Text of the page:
How well does this translate into a book? About as well as “Call of Duty” to classical ballet. Shorn of the podcast’s rambling, profane style, “The Chapo Guide to Revolution” is, more or less, the unedited musings of a hopelessly dim 14-year-old. Having read the introduction to Howard Zinn’s “A People’s History of the United States,” the young revolutionary has decided — just like his libertarian counterpart plowing through “Atlas Shrugged” — that he has figured everything out. “Our case is simple,” the authors write in the introduction, the appeal to simplicity being the naïf’s timeless tell. “Capitalism, and the politics it spans, is not working for anyone under thirty who is not a sociopath. It’s not supposed to. The actual lived experience of the free market feels distinctly un-free. We’ll tell you why, and offer a vision of a new world.”
That’s ambitious. And ambition should be made of sterner stuff, or at least stuff that wasn’t cribbed directly from “Wikipedia.” As far as I can tell, no original reporting went into this book, nor any original thought. Instead, there is a lot of name-calling, most of it juvenile, all of it stale: i.e., “Barack Hussein Ahmadinejad bin Laden Obama,” “Ted ‘Chappaquiddick’ Kennedy, “Big Dick Lyndon” [Baines Johnson, presumably]. Calling President Clinton “Slick Willie,” as this book does on two occasions, is not only supremely lazy but also indicative of the fact that these bargain-basement Bolsheviks are about as edgy as Time magazine circa 1993.
Still, one expects at least a bong hit’s worth of dignity for $25 worth of what is, at least by appearance, a book. That “the downfall of the liberal era was contained in its original triumph, the New Deal,” is not only historically incorrect, but breathtakingly moronic. A presidential campaign by far-right activist Patrick Buchanan is treated as follows: “yet the old-style racial resentment at the amorphous DC establishment articulated by his campaign continued to metastasize.” I was once a high school English teacher, and have read a lot of bad writing in my time. But nothing prepared me for the horror of that sentence. Pat Buchanan deserves a lot, but he doesn’t deserve that.
To be fair, coherent thought may not be the point of the “Chapo” revolution. This is, after all, a book whose subtitle promises a diatribe against “logic, facts, and reason.” It is a book dedicated to the “brave Mujahideen fighters of Afghanistan.” Maybe these are attempts at humor — I say maybe because they are so painfully unfunny — and the whole book a kind of extended joke played on those who still take American politics seriously. Fine. But then give me a power wash of searing irony to blast the crud off American polity, something edgy but honest, Lenny Bruce plus Richard Pryor plus Emma Goldman. Something bracing and brutal and true.
Instead, this: “‘The Matrix’ is probably the most important movie ever made.” That world-changing analysis comes at the opening of a section consisting of movie recommendations. There is also a section about books. Did you know that “Moby-Dick” is “roundly regarded as the single greatest American novel ever written”? Well, you do now. What does that have to do with revolution? To be honest, I have no clue. Ask someone without a lanyard. And is that joint ever going to come around?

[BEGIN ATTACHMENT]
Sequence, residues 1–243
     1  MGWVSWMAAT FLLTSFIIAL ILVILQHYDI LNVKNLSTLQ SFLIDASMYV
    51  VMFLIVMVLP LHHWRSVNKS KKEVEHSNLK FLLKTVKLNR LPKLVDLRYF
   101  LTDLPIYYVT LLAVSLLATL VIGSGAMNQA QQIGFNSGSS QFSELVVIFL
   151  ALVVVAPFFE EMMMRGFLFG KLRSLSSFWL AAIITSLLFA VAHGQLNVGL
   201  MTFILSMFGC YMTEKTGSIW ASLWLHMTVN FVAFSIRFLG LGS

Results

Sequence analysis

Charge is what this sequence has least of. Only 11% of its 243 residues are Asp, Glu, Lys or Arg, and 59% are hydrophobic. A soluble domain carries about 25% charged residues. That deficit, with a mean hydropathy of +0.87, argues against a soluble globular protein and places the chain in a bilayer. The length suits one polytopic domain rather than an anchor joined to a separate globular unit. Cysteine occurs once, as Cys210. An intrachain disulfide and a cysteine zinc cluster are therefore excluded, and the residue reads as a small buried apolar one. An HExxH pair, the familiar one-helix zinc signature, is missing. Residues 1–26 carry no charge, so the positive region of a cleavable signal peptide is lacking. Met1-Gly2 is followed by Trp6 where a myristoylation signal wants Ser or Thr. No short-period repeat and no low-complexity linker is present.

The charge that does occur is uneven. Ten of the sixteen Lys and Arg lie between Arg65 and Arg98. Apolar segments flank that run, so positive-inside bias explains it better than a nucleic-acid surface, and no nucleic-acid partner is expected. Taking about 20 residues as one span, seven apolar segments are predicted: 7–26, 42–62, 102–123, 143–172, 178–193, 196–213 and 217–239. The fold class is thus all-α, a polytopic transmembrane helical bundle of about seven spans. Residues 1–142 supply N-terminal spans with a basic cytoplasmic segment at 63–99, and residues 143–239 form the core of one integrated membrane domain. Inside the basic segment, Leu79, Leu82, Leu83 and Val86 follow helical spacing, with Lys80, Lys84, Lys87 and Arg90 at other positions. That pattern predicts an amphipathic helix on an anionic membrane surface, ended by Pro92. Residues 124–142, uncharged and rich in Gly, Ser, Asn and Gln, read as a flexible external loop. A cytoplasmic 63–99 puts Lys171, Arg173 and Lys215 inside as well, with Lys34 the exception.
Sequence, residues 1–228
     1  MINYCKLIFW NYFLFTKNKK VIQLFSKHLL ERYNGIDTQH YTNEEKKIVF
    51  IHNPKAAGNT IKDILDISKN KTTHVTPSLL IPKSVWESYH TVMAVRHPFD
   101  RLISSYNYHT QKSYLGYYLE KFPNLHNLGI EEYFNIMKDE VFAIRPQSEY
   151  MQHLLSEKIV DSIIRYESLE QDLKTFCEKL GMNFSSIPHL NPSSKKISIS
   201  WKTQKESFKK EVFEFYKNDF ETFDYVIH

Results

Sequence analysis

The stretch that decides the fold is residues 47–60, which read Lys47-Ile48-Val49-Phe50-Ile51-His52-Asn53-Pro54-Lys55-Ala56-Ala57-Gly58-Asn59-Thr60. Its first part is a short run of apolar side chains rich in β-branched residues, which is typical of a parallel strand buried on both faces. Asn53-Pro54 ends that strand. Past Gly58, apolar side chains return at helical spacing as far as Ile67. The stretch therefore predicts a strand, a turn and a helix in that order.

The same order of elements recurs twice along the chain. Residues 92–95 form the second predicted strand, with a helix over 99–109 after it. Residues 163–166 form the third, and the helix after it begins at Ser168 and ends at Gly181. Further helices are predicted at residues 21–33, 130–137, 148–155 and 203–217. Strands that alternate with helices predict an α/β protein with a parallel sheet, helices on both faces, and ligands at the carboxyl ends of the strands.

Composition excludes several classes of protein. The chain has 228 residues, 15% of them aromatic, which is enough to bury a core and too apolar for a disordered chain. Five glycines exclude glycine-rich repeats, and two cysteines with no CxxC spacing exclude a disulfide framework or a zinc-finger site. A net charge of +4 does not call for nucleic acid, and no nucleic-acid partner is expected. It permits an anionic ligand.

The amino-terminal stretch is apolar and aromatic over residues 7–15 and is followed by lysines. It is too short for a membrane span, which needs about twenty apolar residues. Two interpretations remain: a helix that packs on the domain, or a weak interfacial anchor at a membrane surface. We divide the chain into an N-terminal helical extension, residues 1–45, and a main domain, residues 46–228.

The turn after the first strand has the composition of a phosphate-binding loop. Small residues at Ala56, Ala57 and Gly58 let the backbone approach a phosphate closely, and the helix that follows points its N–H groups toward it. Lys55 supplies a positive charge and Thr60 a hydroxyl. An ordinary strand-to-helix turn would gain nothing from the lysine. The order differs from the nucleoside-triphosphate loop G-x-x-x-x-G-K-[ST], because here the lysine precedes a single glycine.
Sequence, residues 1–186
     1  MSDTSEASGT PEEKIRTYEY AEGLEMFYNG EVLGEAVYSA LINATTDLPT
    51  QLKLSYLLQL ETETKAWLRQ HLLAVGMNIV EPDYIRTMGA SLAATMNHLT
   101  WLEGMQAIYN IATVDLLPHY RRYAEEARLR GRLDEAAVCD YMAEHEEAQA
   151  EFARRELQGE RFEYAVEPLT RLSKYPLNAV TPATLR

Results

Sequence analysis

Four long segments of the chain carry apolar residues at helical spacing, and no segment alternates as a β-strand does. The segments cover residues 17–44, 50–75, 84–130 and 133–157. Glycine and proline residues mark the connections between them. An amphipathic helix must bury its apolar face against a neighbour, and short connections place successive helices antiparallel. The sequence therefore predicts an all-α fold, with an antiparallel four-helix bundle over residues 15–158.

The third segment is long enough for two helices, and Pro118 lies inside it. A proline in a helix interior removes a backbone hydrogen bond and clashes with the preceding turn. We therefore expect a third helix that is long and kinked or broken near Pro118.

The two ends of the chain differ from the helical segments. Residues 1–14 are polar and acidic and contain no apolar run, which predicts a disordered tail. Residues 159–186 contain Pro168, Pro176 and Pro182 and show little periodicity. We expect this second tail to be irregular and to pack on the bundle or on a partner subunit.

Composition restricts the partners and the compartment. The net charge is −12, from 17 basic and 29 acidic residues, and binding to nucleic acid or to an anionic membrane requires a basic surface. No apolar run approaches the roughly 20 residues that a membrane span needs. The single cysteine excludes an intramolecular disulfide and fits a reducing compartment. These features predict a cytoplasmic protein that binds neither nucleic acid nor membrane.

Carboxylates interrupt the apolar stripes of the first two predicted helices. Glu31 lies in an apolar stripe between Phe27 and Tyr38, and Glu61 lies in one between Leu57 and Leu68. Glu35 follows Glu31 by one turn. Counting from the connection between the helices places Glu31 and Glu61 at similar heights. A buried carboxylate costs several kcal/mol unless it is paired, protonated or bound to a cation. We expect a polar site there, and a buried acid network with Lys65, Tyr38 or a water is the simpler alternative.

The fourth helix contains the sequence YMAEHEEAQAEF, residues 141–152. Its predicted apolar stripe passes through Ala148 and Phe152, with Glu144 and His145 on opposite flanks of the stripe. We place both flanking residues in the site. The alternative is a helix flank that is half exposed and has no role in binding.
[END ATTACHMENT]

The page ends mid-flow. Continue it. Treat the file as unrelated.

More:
The core section of the book is concerned with members of the media, many of whom are castigated in these pages for a variety of ideological and journalistic sins: Paul Krugman, Ben Smith, Andrew Sullivan, Megan McArdle and Chris Cillizza. If you live in New York or Washington, you likely know these names and have an opinion about the people to whom those names are attached. Otherwise, you might wonder why so much energy is expended in teasing out the difference between “Little Green Footballs” blogger Charles Johnson and Chuck C. Johnson, “a different piece of s*** who showed up later on.”
Media criticism, or rather media bashing, constitutes the closest thing that “Chapo” has to a philosophy. In a forum with Reddit users two months ago, Menaker acknowledged that “Chapo” is greatly beholden to “Gawker,” the media blog that was felled in 2016 after Terry Bollea, better known as Hulk Hogan, successfully sued (with secret backing from Silicon Valley billionaire Peter Thiel) the website. “Gawker” was sued out of existence because it published, and refused at first to take down, a video of Bollea having sex with a friend’s wife. That, for “Chapo,” is apparently the paragon of responsible journalism. “I appreciate anyone who’s made a concerted effort to tear down the notion that one must be civil and respectful to their media betters,” Menaker said approvingly.
“Chapo Trap House” is the excessive snark of late-stage “Gawker,” when it had often ceased to be funny, combined with the earnest, conspiratorial leftism of “Democracy Now!” This is a profoundly dreadful combination, not to mention an entirely contradictory one. If you believe, as “Chapo” does, that we are a nation of “penguin-shaped dunces in Under Armour polos and khaki shorts,” how can you also believe that very same nation to be capable of a glorious socialist future?
Unless, of course, this is all just a ruse, one in which we are not audience but victim. One that asks the gullible to hand over their time and attention, in return for which they will get back nothing more than a reformulation of their own fantasies and grievances. In this too, “Chapo Trap House” is not original. Ideological differences aside, the mechanics of Chapism are identical to those of Trumpism: vitriol, dishonesty, incivility and misdirection. None of it is very original, and none of it is very smart. But maybe when you’re woke, they let you do it.